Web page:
I recall the condescension my […]

  • Oh the great red white and blue
    would u please make room for my people
    your illusion has us in such miserable pursuits
    pursuit to happiness and the dream at hand
    your hand, as u wave it in our faces making […]

  • To be able to coexist in a society that does not worry about the identity that someone else wishes to live as, that is the kind of dream that I have for America. Today, in 2017, things have gotten better in the […]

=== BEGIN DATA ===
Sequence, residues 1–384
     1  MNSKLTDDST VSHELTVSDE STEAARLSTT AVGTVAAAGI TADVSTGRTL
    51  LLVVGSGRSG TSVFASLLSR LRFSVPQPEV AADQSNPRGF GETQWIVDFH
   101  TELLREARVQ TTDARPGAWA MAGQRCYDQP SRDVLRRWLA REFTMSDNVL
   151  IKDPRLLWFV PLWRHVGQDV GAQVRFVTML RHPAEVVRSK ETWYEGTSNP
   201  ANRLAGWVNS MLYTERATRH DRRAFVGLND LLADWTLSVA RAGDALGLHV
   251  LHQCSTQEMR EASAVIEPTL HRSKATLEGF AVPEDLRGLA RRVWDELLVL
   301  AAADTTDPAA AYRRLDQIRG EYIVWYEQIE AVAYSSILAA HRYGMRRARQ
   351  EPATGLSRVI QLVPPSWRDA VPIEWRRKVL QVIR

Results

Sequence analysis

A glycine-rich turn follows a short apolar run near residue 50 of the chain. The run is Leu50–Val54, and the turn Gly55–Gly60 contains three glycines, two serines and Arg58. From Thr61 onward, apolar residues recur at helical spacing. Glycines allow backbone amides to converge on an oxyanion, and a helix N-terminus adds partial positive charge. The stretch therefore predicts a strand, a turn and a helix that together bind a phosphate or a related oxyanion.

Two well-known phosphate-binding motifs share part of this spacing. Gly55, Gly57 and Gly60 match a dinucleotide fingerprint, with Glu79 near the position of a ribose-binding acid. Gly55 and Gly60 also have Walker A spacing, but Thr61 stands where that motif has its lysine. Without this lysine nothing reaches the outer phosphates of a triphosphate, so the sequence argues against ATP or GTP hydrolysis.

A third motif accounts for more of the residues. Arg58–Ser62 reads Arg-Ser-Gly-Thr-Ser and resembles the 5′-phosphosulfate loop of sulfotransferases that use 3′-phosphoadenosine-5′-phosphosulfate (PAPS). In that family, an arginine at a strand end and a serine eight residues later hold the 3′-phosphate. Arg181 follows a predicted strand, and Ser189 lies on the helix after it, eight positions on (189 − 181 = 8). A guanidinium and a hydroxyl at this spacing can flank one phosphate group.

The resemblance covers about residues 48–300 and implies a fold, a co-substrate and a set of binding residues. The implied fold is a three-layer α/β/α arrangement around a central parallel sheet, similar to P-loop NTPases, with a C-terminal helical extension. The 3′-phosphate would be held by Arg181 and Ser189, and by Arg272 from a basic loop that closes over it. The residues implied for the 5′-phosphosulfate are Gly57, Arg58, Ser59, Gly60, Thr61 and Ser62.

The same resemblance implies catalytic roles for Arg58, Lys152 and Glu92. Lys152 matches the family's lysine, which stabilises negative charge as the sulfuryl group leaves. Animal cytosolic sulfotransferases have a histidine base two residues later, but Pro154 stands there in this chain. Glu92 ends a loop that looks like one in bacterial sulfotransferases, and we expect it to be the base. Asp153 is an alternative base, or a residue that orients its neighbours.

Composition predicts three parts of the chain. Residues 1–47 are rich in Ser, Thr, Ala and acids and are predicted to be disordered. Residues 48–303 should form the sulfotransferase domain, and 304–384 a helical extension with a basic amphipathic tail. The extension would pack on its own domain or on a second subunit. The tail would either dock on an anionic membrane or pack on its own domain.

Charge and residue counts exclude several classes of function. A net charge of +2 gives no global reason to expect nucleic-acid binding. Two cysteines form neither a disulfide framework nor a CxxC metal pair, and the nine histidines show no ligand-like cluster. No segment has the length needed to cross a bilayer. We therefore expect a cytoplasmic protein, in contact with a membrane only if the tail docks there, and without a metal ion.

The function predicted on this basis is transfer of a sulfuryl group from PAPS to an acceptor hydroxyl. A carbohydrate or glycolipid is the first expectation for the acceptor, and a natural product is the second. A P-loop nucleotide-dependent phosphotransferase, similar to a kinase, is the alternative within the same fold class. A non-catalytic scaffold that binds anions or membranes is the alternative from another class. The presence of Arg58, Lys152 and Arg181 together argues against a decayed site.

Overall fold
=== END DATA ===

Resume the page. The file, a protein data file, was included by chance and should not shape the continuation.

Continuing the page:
• My personal dream

    Is a world I live in where the color of my skin
    Is not something I have to defend
    Where equality is not based on not changing the so called system
    But embracing longevity where we all can […]

  • Hey, I really love your perspective of this piece. Like you, I noticed the beautiful sunset first and then, I realize there was something in the water. As I looked closer, I saw a black woman’s leg with a shackle on it. As I looked on the next page, my heart sank deeper into the artwork. The fact that there’s fish devouring what looks like black…[Read more]

  • Windex to Identify the Soul
     Do you acknowledge who you are? What you’ve become? Who you seem to be? It seems like some of our tainted thoughts has helped us depict who is worthy of life. “Baldwin says skin […]

    • Hello Tyana,